S. Worthen (owlfish) wrote,
S. Worthen

A Better World

I went through a few weeks of reading utopian novels in high school (with a handful of dystopias as a chaser). One of those was Lost Horizon. A few months ago, browsing through Amazon's DVD listings, I discovered it had also been made into a movie, not long after the book was originally published, and added it to our rental list. It's an engaging reflection on the sudden discovery of dreams-come-true. The main character wasn't even actively seeking his dreams; he'd published them, and a fan of his, a reader, decided that he deserved to be imported to Shangri-la, to learn that his idealism could - and did - exist in reality.

In Shangri-La, there are no native discontents, and the accidentally imported ones vent their discontent on a desire to leave. If voluntary exile from a place one has no liking for is the "punishment" for being discontent, it hardly seems a bad one. Yet those who are not happy in the best of all possible worlds are those short-sighted enough not to realize the consequences of leaving it. Both book and movie rely on benevolent paternalism as a form of government. Father knows best.

In Lost Horizon, happiness is a geographic destination. In Stupid, Stupid Rat Tails, it's experience, the endless process of discovering the world. Although storytelling pervades the story, the stories within are a way of reliving the past and entertaining others who haven't the gumption to live as as Big Johnson Bone does. He experiences the world carelessly and widely. Happiness is action and exploration, in making up the places which lie beyond the map, in passing on to the soon-to-be-known.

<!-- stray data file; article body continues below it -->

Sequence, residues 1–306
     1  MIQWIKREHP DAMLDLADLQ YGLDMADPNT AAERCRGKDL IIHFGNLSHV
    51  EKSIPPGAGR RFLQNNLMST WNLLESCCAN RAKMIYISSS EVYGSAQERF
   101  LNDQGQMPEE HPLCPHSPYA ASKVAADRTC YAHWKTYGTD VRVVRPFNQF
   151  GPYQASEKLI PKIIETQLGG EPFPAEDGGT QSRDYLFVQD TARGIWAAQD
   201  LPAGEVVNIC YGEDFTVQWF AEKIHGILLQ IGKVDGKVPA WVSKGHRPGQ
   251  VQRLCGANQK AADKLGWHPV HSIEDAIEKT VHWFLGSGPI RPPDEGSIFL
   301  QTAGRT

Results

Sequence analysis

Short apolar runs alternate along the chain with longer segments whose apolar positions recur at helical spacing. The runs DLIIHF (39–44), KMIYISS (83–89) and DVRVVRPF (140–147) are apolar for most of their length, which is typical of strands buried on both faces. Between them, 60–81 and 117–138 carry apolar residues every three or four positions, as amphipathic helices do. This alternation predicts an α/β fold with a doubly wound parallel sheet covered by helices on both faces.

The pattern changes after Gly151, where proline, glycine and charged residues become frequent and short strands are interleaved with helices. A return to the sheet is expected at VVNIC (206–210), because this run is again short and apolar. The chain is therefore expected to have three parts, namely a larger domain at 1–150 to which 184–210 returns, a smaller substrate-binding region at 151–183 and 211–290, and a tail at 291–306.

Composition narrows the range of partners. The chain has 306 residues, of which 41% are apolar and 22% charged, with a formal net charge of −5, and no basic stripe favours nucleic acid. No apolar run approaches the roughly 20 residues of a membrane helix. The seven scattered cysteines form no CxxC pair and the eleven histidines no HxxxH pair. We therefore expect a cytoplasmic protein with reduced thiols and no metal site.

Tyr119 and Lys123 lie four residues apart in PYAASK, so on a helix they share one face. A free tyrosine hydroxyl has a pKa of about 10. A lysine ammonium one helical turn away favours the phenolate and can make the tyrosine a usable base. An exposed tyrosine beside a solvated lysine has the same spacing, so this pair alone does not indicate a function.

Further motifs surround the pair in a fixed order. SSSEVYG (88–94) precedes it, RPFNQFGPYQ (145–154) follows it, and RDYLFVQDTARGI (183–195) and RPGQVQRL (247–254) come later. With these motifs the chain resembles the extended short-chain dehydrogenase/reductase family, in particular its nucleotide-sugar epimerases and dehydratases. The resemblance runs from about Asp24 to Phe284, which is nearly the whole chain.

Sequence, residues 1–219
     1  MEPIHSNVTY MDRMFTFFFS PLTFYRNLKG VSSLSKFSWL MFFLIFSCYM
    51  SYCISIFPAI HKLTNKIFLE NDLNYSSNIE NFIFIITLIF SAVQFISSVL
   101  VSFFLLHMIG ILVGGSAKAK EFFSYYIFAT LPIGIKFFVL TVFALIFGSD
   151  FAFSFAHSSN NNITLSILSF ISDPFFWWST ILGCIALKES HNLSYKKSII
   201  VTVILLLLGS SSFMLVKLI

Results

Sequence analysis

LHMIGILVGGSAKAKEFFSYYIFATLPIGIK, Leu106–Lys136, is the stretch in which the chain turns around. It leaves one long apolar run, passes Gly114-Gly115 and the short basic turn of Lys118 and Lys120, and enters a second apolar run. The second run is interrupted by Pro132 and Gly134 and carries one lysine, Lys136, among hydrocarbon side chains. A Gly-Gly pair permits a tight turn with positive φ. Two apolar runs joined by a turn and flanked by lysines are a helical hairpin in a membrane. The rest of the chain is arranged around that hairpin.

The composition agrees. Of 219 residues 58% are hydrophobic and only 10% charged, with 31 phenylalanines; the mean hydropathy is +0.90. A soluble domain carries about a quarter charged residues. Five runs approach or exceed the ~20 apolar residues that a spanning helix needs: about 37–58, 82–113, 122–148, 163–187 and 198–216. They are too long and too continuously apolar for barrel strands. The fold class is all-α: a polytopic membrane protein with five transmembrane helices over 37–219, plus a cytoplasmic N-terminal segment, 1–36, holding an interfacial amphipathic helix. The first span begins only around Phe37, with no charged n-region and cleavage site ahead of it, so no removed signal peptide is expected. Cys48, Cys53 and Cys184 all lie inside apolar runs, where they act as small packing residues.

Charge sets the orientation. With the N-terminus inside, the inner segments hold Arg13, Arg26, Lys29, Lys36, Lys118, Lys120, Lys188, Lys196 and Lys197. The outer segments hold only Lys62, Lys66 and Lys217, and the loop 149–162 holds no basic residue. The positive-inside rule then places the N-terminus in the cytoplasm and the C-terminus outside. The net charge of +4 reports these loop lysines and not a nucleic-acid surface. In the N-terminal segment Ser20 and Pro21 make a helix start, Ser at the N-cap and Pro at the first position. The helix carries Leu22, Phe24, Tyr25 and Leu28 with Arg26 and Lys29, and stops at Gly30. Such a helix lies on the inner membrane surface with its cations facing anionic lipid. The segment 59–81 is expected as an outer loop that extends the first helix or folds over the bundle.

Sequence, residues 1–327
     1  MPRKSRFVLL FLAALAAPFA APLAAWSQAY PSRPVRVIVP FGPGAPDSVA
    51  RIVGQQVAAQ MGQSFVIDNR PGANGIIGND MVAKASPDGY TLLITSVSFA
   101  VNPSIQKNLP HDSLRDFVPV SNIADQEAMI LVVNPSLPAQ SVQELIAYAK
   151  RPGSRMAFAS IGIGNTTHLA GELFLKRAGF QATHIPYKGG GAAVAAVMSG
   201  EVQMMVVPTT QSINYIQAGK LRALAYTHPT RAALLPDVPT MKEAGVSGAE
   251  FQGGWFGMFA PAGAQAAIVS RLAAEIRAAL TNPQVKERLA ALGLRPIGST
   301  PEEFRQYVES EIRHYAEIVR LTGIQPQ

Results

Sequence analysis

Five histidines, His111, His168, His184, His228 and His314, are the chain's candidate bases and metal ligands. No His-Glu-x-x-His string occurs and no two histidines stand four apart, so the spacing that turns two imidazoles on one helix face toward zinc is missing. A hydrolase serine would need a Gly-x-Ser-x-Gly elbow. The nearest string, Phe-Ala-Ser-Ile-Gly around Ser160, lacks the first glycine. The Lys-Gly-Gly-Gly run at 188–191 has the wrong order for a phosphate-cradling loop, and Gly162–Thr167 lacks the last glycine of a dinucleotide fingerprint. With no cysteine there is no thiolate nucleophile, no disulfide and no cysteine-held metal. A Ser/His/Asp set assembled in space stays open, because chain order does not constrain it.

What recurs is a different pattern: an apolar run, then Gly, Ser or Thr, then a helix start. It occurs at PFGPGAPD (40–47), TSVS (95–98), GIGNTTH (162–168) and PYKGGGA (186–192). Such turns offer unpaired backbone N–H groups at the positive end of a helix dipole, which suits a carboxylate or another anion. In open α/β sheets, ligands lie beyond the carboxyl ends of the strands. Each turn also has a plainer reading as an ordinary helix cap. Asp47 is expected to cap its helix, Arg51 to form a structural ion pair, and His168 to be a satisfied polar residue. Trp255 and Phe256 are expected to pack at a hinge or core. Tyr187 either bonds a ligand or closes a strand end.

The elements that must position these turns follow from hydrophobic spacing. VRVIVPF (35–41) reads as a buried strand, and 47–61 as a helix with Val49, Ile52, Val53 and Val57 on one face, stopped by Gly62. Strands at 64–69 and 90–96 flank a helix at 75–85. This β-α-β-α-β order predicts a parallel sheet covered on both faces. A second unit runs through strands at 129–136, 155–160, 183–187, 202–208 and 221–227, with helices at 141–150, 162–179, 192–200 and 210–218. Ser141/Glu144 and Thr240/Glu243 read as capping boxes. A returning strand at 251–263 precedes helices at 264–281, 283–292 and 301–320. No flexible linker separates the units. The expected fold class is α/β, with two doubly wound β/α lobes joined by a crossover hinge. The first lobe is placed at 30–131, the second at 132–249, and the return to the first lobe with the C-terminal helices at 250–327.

In contrast, Terry Pratchett's characters find their happiness in the adequacy of daily life. Daily life, chores and duty, are the reprieve granted at the end of an adventure. Sufficiency is the reward for apocalyptic success. Save the world, and you too can go milk the cows, gather the eggs, sweep the floors. It is enough. The wintersmith is a source of disruption and disturbance, an annoyance, even if one with ego-building side-effects.

Strikingly, in these three stories*, only in Wintersmith is happiness, such as it is, necessarily attained at the narrative's conclusion.

* These all happen to be the books and movie I've watched/seen this week. I also read These Old Shades, where happiness is obtained by the mutual negotiation of positive social relationships, whether friendship or marriage, but that ending was mandated by genre to a degree that isn't true of these others. In my limited experience, there's a great deal of creativity in dealing with insurmountable barriers and the way a plot develops in romance, with greater strictures on the ending. Other genre's limitations tend to apply themselves to other aspects of a narrative.
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